On Thursday, nutritional and weight-loss supplement maker ViSalus filed with the SEC for an initial public offering. The move makes a lot of sense: It's currently part of Blythe (BTH), a company in the less-than-exciting industry of candle making. Blythe also markets home décor and home fragrance products, as well as the Sterno brand of tabletop food-heating gear. But spinning off a supplement maker seems like a smart move at a time when more Americans are fitness conscious and turning to the supplement industry.
ViSalus, which uses a multilevel marketing type of sales structure, is hoping to raise $175 million in its public offering. The company has not released details about pricing or the size of the offer. Blythe will remain a majority owner -- perhaps a clue about the eventual float size. This way of unlocking value immediately resonated with me when I saw the IPO announcement. Set loose a stock in a growth sector, rather than trapping it with candles, Sterno products and home knickknacks.
I immediately ran some scans of other companies in the nutritional supplements sub-sector. Nu Skin (NUS), maker of anti-aging products, was in the headlines Thursday as the stock tumbled nearly 4%, further into the hole, after news that Stanford University said Nu Skin was improperly representing the research relationship between the two entities.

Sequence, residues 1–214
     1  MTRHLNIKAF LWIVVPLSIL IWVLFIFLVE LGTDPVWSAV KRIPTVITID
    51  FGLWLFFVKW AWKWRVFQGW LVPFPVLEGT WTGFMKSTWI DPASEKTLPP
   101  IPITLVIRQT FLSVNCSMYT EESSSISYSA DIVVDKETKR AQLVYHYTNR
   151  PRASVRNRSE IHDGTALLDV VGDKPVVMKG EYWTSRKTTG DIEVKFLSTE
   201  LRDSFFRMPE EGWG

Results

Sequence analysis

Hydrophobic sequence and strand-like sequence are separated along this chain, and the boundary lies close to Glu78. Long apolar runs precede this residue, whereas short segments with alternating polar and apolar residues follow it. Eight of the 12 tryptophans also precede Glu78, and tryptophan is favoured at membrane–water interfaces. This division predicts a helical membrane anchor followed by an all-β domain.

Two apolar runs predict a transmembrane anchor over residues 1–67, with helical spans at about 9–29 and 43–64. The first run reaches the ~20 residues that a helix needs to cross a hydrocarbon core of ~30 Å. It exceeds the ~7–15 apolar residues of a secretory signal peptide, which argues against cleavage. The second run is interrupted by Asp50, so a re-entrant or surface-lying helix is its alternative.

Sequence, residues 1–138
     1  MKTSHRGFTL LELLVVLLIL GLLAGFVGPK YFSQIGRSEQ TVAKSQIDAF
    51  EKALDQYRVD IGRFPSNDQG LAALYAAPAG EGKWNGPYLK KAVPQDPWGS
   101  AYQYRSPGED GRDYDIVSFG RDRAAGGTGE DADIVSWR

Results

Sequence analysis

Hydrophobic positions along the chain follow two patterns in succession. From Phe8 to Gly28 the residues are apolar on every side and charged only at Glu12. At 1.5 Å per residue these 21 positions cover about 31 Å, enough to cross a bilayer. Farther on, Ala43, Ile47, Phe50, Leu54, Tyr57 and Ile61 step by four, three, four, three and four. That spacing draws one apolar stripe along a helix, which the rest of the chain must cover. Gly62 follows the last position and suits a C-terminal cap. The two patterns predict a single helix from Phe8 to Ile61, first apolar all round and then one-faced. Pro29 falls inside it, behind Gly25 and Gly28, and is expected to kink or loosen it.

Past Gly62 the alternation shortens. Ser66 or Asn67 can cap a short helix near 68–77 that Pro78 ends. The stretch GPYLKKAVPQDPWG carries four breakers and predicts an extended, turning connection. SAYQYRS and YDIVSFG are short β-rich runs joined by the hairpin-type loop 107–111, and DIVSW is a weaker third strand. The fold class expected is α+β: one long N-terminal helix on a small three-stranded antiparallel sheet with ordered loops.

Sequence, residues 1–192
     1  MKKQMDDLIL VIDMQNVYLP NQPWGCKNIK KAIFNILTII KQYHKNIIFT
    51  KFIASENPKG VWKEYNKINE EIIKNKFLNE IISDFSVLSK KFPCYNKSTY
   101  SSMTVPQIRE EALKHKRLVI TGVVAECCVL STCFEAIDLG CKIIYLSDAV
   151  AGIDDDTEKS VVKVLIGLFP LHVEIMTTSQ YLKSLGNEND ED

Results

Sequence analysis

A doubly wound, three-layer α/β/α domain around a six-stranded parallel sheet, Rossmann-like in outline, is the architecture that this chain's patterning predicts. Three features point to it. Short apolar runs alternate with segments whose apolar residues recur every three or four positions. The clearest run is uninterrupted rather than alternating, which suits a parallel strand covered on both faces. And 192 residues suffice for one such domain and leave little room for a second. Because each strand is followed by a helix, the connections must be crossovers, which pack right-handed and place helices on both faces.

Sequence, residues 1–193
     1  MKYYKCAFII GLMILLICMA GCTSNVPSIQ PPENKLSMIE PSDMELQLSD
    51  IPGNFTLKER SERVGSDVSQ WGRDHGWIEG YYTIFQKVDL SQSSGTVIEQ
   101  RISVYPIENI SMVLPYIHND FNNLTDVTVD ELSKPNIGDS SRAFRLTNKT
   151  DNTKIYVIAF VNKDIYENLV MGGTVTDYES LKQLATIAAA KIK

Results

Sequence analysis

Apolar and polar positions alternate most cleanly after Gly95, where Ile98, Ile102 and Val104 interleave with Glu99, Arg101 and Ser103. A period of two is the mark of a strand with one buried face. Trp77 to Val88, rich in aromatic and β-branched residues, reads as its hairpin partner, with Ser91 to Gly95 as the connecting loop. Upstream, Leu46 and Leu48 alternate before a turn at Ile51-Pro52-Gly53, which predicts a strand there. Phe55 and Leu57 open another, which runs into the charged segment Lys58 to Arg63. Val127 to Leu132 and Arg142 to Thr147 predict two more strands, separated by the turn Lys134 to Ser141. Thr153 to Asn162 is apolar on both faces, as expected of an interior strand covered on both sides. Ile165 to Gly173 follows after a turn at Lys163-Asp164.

But the focus on Nu Skin's decline can mask success in other sub-sector names that are trading near new highs.
Medifast (MED) has been on a tear, vaulting 42.8% in July, and another 1% so far this month. As of Thursday, it was trading between $28 and $29, consolidating nicely below its August 8 52-week high of $29.14. The fundamental case is solid, with analysts expecting income of $1.40 per share this year, up 7% from last year. In 2013, the earnings growth rate is seen increasing to 17%, with Wall Street eyeing income of $1.64 per share.
Schiff Nutrition (SHF), which makes vitamins, sports nutrition products and other supplements, rallied to an all-time high of $19.82 Thursday. It's up more than 80% year-to-date, far outpacing the indices. This is a very small stock -- exactly the kind that can sport big rallies. But it's also the kind of company that escapes media attention, meaning retail investors are often unaware of its potential. Schiff's market cap is $571 million, and the stock moves only 47,000 shares per day, on average. One of the keys to the stock's rally is analyst optimism about Schiff's earnings potential. Profit is seen growing 68% in fiscal 2013, to $0.79 per share. In fiscal 2014, that number is expected to grow 22%, to $0.96 a share.
Schiff is just barely buyable, hovering about 1% above its five-day exponential moving average. With any further gains, though, I'd prefer to wait for the next short-term moving average pullback.
As you'd expect from a thinly traded stock like this, there is a volatility issue: Schiff has a beta of 1.15. Traders should take that into account when entering a thin stock. In addition, always remember that if one big investor takes profits, that could send shares sharply lower.